In 16th century Venice, the city’s famed glassmakers are secretly perfecting one of the Old World’s most astonishing inventions: the mirror. An object of glittering yet fearful fascination – was it reflecting simple reality, or something more spiritually revealing?
Taking the state of the art technology off the island is a crime punishable by death. One man, however – a world-weary war hero with little to lose – has a scheme..
Meanwhile, in two other iterations of Venice – Venice Beach, California in 1958, and The Venetian casino in Las Vegas in 2003 – two other schemers launch similarly dangerous plans..
Enthralling, intelligent and dark. A story of 3 narratives and a book called The Mirror Thief at its centre – the book within the book if you like.
I was recommended this by the staff at the City Lights bookstore in San Francisco. (Amazing bookstore – will write a post on that separately).
The Mirror Thief is a debut novel which has been met with wide acclaim although you may see some mixed goodreads reviews as well. I really enjoyed it, not because it’s David Mitchell-esque (there is a bit of debate about whether this is true), but because it is a good story in its own right – an intriguing thriller of secrets and alchemy set in one the most magical cities in the world.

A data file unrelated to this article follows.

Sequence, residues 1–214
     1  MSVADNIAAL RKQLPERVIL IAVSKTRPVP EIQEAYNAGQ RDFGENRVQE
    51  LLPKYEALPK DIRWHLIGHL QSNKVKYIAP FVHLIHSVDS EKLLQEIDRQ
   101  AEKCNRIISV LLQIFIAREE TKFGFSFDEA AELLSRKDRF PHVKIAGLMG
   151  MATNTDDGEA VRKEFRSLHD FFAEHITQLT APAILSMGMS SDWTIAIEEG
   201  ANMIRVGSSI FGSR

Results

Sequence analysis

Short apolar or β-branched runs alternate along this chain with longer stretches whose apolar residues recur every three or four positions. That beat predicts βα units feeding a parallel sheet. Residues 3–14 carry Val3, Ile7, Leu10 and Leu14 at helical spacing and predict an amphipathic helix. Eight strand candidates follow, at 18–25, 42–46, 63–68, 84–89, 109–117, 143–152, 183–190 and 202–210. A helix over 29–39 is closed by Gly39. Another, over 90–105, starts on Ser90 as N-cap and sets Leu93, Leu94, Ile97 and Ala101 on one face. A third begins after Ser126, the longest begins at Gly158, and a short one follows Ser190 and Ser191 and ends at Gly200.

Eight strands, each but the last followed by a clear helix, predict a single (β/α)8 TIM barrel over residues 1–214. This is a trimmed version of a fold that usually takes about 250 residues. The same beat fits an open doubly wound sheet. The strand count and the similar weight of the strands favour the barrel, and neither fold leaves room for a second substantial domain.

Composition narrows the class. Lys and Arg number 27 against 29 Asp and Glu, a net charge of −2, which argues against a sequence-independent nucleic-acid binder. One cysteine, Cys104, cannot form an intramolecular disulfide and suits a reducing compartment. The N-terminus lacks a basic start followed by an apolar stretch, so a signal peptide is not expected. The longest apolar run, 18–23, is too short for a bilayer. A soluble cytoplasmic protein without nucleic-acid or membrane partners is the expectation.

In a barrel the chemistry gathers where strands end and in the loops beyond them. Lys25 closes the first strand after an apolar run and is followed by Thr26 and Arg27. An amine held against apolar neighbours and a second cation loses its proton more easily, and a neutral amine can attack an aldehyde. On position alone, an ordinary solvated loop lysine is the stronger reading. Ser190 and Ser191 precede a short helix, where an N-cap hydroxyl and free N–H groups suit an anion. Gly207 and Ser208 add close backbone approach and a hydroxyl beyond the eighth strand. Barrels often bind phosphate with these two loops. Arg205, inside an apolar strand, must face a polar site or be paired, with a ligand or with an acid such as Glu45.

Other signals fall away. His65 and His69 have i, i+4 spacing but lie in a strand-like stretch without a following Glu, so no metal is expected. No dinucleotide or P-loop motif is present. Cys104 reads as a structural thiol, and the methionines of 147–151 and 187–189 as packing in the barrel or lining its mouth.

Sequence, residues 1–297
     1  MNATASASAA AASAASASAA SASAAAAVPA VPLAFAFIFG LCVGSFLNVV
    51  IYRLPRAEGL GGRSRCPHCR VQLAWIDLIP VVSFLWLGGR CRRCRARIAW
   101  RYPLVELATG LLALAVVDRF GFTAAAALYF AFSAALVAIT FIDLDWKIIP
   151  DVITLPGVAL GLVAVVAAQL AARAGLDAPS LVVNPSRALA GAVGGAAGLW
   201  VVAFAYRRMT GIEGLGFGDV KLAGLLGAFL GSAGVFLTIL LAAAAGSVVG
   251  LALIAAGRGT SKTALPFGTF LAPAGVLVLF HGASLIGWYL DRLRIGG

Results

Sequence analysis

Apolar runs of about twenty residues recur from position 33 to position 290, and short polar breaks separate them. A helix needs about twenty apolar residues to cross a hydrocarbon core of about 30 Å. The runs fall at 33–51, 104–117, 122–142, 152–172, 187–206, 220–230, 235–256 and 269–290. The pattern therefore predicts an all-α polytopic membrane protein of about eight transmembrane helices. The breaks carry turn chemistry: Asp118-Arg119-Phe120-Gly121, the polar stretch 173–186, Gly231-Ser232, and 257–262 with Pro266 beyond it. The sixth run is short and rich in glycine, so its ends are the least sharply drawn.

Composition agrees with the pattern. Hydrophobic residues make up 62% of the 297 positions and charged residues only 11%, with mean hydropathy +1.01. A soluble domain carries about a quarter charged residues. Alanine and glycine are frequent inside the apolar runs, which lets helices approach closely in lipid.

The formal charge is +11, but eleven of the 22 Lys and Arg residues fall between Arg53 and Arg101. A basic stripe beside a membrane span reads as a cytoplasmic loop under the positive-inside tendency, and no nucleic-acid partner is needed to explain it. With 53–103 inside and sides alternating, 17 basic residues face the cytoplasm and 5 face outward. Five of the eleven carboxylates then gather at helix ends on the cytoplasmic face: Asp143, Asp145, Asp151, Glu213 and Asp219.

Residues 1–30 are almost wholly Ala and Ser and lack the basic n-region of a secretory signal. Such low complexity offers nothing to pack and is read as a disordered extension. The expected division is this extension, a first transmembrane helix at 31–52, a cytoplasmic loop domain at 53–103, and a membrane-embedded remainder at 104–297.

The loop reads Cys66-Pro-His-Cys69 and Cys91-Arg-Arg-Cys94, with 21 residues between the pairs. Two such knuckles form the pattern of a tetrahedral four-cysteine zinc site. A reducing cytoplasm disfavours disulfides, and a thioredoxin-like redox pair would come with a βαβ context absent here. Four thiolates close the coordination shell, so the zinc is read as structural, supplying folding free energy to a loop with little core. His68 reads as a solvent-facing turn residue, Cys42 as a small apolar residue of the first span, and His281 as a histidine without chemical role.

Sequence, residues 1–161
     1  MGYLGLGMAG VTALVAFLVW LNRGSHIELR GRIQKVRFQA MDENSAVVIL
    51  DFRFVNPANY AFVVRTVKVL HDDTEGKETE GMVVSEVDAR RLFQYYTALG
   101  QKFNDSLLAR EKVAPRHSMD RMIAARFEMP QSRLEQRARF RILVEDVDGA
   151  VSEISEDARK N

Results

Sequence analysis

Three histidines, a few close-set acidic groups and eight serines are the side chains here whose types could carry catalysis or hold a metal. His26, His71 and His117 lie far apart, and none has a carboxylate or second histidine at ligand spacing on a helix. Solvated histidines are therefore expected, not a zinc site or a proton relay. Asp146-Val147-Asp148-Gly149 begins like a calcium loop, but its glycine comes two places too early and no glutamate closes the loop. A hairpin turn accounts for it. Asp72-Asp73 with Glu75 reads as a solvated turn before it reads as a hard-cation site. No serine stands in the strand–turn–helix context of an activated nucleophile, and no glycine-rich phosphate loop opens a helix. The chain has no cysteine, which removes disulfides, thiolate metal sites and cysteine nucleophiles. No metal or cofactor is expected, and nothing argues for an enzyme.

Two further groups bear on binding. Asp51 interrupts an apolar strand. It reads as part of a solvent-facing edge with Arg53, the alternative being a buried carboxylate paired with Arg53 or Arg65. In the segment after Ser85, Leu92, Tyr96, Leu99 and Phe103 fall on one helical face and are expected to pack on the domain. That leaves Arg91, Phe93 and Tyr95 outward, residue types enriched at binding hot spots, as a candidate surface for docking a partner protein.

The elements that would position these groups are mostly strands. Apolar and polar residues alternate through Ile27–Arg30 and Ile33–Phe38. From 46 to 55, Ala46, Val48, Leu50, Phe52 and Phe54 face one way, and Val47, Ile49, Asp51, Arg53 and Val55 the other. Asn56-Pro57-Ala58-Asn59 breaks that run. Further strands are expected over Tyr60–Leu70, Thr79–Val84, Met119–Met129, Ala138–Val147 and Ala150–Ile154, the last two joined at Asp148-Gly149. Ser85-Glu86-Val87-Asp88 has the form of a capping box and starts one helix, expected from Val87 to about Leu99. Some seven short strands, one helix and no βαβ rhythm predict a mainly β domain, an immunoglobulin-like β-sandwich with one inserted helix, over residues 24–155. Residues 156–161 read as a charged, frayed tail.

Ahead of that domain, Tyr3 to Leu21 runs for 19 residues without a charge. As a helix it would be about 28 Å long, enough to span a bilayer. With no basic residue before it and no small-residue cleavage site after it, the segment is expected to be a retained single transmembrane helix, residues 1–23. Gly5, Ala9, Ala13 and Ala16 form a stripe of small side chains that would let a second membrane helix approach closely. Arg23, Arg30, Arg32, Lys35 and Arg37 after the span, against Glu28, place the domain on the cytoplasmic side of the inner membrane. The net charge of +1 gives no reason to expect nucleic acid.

“It is difficult, but probably necessary, to remember that books always know more than their authors do. They are always wiser. This is strange to say, but it’s true. Once they are in the world, they develop their own peculiar ideas.”
And it has left me wanting more of Venice.
“Did you ever happen to see a city resembling this one”? Kublai asked Marco Polo, extending his be-ringed hand from beneath the silken canopy of the imperial barge, to point to the bridges arching over the canals, the princely palaces whose marble doorsteps were immersed in the water, the bustle of the light craft zigzagging, driven by long oars, the boats unloading baskets of vegetables at market squares, the balconies, platforms, domes, campaniles, island gardens glowing green in the lagoon’s grayness.
“No, sire,” Marco answered, “I should never have imagined a city like this could exist.”
ITALIO CALVINO, Invisible Cities
AWARDS: NYT Notable Book of the Year